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Genealogy in Franklin County, Massachusetts
Town of Heath

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Heath lies in the northwestern part of Franklin County and is roughly bounded by Whitingham and Halifax (both towns in Windham County, Vermont) on the north, Colrain on the east, Charlemont on the south, Rowe on the west. Heath was organized February 14, 1785 from part of Charlemont and common lands called Green and Walker's lands.

In 1874, Elias Nason described the town of Heath as follows:
situated among the hills in the north-west section of Franklin County, 119 miles from Boston, has a population of 613, and, for its bounds, New Hampshire [i.e., Vermont] on the north, Coleraine on the east, Charlemont on the south, and the latter and Rowe upon the west. The land is broken, and sparsely settled. The geological formation is the Quebec group and calciferous mica-schist. Pyrites and zoisite occur. The streams are tributaries of the Deerfield River, and furnish motive-power for several saw and grist mills. The town has 124 dwelling-houses, 122 farms; and the people are engaged in raising grain, hay, fruit, sheep, neat-cattle, swine, and poultry. Maple-sugar is extensively produced, and bark and firewood are prepared in winter for the market. The central village occupies a commanding eminence, and has a good town-hall; a lyceum; a farmers' club; a Congregational church, the Rev. C. W. Fifield, pastor; a Methodist church, the Rev. A. M. Osgood, pastor; and a Baptist church, without a pastor.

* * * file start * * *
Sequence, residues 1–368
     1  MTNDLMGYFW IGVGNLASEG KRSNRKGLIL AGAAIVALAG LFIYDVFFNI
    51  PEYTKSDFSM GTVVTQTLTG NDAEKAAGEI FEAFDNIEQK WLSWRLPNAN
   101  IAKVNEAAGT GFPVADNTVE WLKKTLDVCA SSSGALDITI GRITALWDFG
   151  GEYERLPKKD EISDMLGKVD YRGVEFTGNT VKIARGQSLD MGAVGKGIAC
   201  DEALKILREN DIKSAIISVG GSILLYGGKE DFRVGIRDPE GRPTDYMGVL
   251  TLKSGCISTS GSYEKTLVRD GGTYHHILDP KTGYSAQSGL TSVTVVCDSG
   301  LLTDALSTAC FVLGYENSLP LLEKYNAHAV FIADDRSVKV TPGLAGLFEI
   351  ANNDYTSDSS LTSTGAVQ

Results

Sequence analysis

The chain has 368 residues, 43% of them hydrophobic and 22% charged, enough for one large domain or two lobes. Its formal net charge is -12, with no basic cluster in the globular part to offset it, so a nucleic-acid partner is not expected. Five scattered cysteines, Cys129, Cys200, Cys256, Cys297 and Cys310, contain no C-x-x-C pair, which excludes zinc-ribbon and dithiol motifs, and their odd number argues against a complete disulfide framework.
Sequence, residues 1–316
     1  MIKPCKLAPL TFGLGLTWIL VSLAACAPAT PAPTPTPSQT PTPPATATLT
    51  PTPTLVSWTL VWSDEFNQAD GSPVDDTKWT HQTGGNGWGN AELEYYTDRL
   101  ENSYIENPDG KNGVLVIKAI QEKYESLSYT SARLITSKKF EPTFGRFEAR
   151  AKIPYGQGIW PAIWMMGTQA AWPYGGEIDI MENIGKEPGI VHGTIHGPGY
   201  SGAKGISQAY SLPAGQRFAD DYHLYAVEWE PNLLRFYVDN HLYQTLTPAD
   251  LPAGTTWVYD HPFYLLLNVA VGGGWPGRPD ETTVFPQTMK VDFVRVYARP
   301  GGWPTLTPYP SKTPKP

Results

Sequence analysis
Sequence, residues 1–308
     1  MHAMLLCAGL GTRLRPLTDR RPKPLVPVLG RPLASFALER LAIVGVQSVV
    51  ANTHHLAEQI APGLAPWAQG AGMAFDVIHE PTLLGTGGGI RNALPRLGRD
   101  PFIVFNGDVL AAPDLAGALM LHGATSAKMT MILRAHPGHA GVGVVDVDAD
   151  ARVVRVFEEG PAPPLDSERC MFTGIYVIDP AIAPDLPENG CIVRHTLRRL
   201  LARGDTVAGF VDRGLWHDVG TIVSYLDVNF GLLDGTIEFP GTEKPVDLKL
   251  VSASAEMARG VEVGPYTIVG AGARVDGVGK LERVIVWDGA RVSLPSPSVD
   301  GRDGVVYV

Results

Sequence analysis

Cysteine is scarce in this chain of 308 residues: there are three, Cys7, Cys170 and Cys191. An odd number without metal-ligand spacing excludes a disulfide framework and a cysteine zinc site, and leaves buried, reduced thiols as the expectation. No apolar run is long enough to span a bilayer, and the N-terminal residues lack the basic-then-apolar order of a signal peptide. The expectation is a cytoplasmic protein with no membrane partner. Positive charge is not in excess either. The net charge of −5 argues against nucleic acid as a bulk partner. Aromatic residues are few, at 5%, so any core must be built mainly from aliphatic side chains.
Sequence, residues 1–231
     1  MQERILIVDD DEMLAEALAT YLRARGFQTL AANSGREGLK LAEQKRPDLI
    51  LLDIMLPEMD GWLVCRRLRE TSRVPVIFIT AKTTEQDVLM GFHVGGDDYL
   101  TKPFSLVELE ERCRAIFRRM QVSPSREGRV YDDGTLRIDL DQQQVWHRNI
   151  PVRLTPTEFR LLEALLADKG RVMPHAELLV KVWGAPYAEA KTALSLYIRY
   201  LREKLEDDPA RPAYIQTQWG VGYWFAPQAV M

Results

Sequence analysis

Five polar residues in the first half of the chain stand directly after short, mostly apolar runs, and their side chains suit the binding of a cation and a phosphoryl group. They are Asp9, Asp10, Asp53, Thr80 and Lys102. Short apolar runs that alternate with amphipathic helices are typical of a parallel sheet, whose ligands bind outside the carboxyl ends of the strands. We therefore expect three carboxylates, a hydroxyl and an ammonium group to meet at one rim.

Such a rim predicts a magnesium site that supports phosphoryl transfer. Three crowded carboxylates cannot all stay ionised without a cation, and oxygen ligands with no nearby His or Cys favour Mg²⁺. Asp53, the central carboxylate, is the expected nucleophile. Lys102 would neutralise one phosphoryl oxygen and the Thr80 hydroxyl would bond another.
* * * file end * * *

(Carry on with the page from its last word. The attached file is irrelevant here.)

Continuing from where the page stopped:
The town has also one post-office and eight school-districts. It sent 50 soldiers to the last war, of whom 18 were lost,--a large number for so small a community.

The town was taken from Charlemont, named from Gen. William Heath, and incorporated Feb. 14, 1785. A church was organized April 15 the same year; and in 1790 the Rev. Joseph Strong, the first minister, was settled. Fort Shirley was built here in 1744 as a defence against the Indians. Near its site is still to be seen the grave of a young girl who died there while the fort was occupied. The red deer were common here at that period. Through the influence of Col. High Maxwell, wounded at the battle of Bunker Hill, there was not a single Tory in the town during the Revolutionary War.

The late Rev. JOSHUA LEAVITT, an able editor, was born in this place.
(Source: Nason, Elias, 1811-1887. A gazetteer of the state of Massachusetts : with numerous illustrations on wood and steel / by Elias Nason. -- Boston : B.B. Russell, 1874. -- p. 257-258)

Online Genealogical Resources

The following resources may provide information useful in researching Heath families.



The following resources may provide information useful in researching Heath families.


General Information

The following resources may provide useful information on the Heath town area.

Related Pages

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